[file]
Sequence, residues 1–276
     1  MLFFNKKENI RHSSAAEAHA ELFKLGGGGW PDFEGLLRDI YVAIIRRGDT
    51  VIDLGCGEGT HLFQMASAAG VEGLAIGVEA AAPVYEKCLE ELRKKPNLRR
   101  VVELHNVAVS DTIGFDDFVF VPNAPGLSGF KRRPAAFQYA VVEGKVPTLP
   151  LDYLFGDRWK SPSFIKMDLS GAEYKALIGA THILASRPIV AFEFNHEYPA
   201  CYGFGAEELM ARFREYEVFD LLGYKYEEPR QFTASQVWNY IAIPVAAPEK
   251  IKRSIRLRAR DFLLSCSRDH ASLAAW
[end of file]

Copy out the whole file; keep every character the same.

Sequence, residues 1–276
     1  MLFFNKKENI RHSSAAEAHA ELFKLGGGGW PDFEGLLRDI YVAIIRRGDT
    51  VIDLGCGEGT HLFQMASAAG VEGLAIGVEA AAPVYEKCLE ELRKKPNLRR
   101  VVELHNVAVS DTIGFDDFVF VPNAPGLSGF KRRPAAFQYA VVEGKVPTLP
   151  LDYLFGDRWK SPSFIKMDLS GAEYKALIGA THILASRPIV AFEFNHEYPA
   201  CYGFGAEELM ARFREYEVFD LLGYKYEEPR QFTASQVWNY IAIPVAAPEK
   251  IKRSIRLRAR DFLLSCSRDH ASLAAW